Loving Cups and their accompanying toasts were popular when this was written in the early 1900s. Given her father’s stance on common drinking cups, I think the drinking may have been symbolic.

Her father, Dr. Samuel Jay Crumbine, was a public health pioneer. Reducing the spread of tuberculosis was one of Crumbine’s goals. He targeted the use of the common drinking cup and led a campaign to stop spitting in public. He helped make the fly swatter a common household item and encouraged the killing of flies to stop the spread of disease. He also rallied against common towels.  In 1954, the Samuel J. Crumbine Consumer Protection Award was established in his honor.


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@NPCWomen with the Army of Occupation in Coblenz

The photo below is a gathering of National Panhellenic Conference women enjoying lunch in January of 1920. It was taken in Coblenz, Germany. When the French occupied the city after the first World War, they used a “C” in the name. Koblenz is on the banks of the Rhine River where it meets the Moselle River.  

The meeting took place in the YWCA Hostess House, the former Hotel Trierscher Hof. The women were the guests of “Miss Robey, a YWCA secretary and a member of KKΓ.” (“Miss Robey” could have been any of the University of Oklahoma Kappa Kappa Gamma Robey alumnae, as described in a 1919 Key, “Winifred Robey, B.A . 1913, who was schedule clerk in Ordinance Department at Washington, D. C., but is now in service overseas; Roberta Robey, B.A. 1914, who is state executive for women’s work in United War Work Campaign, and Lucille Robey, B.A. 1915, who is in an Army School of Nursing at Camp Jackson, South Carolina.)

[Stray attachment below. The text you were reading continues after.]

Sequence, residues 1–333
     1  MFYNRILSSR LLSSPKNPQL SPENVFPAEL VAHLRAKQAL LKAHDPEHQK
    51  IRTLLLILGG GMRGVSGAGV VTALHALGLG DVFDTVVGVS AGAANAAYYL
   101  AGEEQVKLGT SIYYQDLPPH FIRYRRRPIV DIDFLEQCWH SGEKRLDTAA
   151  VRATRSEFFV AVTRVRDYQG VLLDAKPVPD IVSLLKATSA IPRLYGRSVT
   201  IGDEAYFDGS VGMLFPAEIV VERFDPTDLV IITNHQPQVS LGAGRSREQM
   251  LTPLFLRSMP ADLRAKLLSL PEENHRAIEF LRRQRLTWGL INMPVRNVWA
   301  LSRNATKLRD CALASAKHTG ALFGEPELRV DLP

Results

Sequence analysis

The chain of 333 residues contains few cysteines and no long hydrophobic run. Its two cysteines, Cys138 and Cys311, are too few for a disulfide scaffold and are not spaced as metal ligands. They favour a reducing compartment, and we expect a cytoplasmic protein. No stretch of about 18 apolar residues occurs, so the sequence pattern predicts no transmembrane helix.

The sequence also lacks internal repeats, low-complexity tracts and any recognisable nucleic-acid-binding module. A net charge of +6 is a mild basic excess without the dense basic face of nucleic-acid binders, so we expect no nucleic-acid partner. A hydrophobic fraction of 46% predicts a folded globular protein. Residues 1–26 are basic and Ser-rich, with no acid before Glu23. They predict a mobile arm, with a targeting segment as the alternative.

3627 - coblez wwI after pan

The article accompanying this picture has the title “Pi Phis with the Army of Occupation.” At that first meeting there were 24 women from 24 different colleges representing eight NPC organizations. Some were wives of military personnel. One was “visiting in the big Base Hospital distributing candy and toilet articles and cheer to the bed ridden patients.” Another, with the Salvation Army, was a “Salvation Lassie in a Recreation Hut and Canteen at Coblenz. Another was a Red Cross worker in a “Recreation Hut for convalescent soldiers at the Base Hospital.”  It was noted “many of our members are giving their whole time to Army Welfare and Rhineland Commission Secretarial work and as nearly all the officers wives are members of the Allied Woman’s Club sewing two afternoons a week for charity and holding occasional sales teas and dances to raise money for materials.”